I’ve recently returned home from a much needed beach trip with a few of my friends from college. We’ve been doing an annual trip for the past several years, and this year, we kept the tradition alive despite being down a couple of families…party poopers!
While I’m not built for the beach (I’m impossibly pale and sweat at the mention of heat), I love being down there. Watching the ocean is relaxing, and walking on the boardwalk is a unique experience that blows our neighborhood walks out of the water. I was able to take a walk with my child and split a Fractured Prune donut in the morning before it became unbearably hot. We were able to mix up our routine while enjoying time with my friends and their kids at the pool, on the beach and at very kid friendly restaurants.
It was tough to come back. We walked through the door with not one, but two full bags of sand sprinkled laundry to wash. There were the floaties and beach toys to put away. I’m not sure where the sun hid our energy, but we still have yet to find it. However, there was a big silver lining to our return: being able to catch up on my reality tv shows.
I can hear my husband shaking his head as I’m typing this. “Why do you watch those shows?” he often asks. Usually, he asks as I’m in the middle of my program, so I pull myself away just enough to offer a distracted “Because.” Apparently, that is not enough to give resolution to his question, so this blog is for you, sweetie. 🙂
To provide a little bit of background for those of you who aren’t my husband, the two shows that I’m engrossed in this season are Big Brother and The Bacherlorette. I can totally understand where my husband’s line of questioning originates. These are not highbrow shows. The goal of Big Brother is for one of over a dozen people to win $500k by voting out the other house guests one at a time. In theory, The Bachelorette is intended to match a producer selected lady with her soulmate, although there is a better chance of each of the ~25 contestants either becoming the next Bachelor and/or being on one of their spin off programs. So you have to have the appreciation that not all contestants are pure of heart when you watch.
And yet why am I intent on watching these shows?
It’s a sociology haven.
Big Brother itself is a sociology experiment: put a bunch of people together in a house and encourage them to turn on each other for their own gain. It’s fascinating to see which people become friends and how people strategize. I dislike seeing people feel alienated and depressed, admittedly, even though it’s a clear risk of the game.
The Bachelorette is framed as a platform to nurture love, although the interactions between the bachelorette and her “boyfriends,” as well as the relationships amongst the “boyfriends,” are unlike anything you would…or should, I suppose, see in everyday life. One lady is dating over twenty guys at one point, making out with many of them. It hurts my heart to think how this could lead to a legitimate relationship, so I try to tune out that detail. How the guys get along with each other is even more interesting to me. They’re all (presumably seriously) dating the same woman, living in the same house, and often times even sharing a date with some of the other guys. I’m not sure if I’m more intrigued by the guys who go after each other or by the ones who take the circumstances in stride.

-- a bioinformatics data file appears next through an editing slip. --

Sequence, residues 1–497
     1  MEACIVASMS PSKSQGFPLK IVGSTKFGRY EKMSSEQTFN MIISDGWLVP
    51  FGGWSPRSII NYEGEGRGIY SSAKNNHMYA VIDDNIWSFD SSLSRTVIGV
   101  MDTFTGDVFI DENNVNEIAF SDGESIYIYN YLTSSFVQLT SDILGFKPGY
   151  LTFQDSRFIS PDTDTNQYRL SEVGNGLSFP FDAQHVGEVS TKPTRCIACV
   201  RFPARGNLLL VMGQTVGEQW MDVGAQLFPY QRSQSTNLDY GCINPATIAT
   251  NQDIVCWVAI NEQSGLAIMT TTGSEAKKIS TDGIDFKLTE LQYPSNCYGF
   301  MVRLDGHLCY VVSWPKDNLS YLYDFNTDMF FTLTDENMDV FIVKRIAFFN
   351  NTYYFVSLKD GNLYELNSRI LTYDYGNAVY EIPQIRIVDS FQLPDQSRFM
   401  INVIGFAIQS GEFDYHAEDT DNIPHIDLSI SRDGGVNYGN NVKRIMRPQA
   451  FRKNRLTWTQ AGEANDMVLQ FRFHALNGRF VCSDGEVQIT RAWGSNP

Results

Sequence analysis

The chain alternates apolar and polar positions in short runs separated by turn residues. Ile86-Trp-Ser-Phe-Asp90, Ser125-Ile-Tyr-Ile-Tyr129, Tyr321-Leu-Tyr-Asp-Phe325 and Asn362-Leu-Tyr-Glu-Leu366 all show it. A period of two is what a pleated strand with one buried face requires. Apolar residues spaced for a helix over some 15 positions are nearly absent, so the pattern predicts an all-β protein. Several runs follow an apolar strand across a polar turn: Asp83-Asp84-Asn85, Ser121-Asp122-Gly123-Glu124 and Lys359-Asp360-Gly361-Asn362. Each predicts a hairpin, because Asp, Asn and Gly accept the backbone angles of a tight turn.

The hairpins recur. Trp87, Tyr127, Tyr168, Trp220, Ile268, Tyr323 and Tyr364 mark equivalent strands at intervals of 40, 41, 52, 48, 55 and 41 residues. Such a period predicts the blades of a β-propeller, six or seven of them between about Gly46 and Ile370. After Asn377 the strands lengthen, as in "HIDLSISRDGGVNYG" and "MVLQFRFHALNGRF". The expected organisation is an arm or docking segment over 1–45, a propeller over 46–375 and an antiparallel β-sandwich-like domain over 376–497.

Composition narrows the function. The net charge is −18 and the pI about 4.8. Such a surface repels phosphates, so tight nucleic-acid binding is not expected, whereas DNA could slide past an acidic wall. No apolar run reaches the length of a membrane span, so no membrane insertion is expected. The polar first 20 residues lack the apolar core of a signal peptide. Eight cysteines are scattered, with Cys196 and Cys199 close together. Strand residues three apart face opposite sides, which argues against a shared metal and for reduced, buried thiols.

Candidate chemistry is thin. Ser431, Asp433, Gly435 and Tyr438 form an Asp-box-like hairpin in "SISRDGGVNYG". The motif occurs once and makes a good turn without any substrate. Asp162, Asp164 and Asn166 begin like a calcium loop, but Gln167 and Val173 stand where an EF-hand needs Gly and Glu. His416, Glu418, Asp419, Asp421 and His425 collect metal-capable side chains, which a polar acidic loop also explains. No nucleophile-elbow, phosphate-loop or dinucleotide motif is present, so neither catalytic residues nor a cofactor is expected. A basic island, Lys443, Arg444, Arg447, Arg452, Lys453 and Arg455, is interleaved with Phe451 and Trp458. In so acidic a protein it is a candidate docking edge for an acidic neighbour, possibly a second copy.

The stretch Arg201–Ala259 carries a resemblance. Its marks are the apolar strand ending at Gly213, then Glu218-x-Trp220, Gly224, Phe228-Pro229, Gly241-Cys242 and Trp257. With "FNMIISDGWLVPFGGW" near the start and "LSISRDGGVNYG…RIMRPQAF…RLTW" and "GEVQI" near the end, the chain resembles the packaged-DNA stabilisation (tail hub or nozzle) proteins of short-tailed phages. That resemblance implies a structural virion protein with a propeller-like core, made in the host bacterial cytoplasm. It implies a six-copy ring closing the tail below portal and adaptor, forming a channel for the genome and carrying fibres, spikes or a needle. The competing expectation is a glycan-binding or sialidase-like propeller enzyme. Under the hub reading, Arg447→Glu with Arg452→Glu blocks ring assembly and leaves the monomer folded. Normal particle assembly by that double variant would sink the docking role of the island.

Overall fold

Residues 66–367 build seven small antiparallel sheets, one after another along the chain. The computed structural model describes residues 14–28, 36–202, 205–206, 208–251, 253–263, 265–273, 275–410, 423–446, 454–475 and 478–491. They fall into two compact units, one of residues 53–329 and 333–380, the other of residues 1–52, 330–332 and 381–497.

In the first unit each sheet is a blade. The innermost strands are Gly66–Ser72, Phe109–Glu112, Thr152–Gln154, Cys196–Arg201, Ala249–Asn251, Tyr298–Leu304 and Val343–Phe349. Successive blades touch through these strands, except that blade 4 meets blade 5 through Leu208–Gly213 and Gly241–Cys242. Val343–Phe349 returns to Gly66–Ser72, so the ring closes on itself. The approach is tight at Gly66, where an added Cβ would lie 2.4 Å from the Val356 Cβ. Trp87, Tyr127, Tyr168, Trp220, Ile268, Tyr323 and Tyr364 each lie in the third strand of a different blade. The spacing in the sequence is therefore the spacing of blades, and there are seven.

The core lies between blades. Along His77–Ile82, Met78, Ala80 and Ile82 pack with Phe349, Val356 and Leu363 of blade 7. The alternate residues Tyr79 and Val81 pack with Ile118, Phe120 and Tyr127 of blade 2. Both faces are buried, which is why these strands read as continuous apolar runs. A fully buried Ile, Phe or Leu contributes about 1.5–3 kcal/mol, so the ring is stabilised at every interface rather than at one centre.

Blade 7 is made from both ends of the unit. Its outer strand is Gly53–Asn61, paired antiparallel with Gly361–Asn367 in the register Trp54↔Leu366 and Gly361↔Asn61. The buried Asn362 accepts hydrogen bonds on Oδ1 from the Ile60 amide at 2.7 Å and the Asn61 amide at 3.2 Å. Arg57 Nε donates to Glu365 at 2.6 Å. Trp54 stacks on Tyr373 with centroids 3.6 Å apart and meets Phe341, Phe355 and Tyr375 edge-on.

The shows are not dissimilar to sporting competitions.
At the end of the series, there is a person who wins. They either walk away with half a mill or else end up engaged to the lady on the pedestal. It becomes clearer with each episode who that winner might be, and I find myself getting antsy, wanting to know what will happen next.
I feel like I get to know the “competitors.”
As with sitcoms, one aspect that gets me vested into a program is the believability of the characters. For instance, one show my hubby and I watch together is Blue Bloods. It took us a little while to get into it, but when we arrived, we were there for the long haul. I found myself stressed out about a fight that one of the main couples were having because it seemed like that could happen to any couple. After decades together, they realized they weren’t making their romance a priority, which made me sadder than I maybe should’ve been. In reality tv, the “characters” are people who put themselves out there. Who you see on the screen is at least close to who they are in the real world. It’s much easier for me to root for or against a “player” based on what you know about them, because you see more of their personality during the “game.”
I play a side game of who is not on there for the right reasons.
As I mentioned, people who go on The Bachelorette are not always there for the producer-intended reasons. Maybe they want to be the next dude on the pedestal. Perhaps they’re keen to promote their business. It becomes painfully clear when they leave what those intentions were. Either they couldn’t care less, or else they give a cringe worthy performance of how their heart is open and they just want to find someone special.
It’s a break.
We all (???) have our guilty pleasures. Watching crappy television shows is one of mine. I won’t talk about it everywhere I go with everyone I see, but I also don’t plan to stop. I refuse to watch these shows in front of my impressionable child. Instead, I wait for nap time and sneak in a bit of an episode here and there. I no longer torture my husband with these shows because I value our marriage & don’t want use to end up in a rough patch, similar to what the couple on Blue Bloods went through. However, sweetie, in the event you ask me again about my reasons for enjoying reality tv, I will be tempted to send you this link. 🙂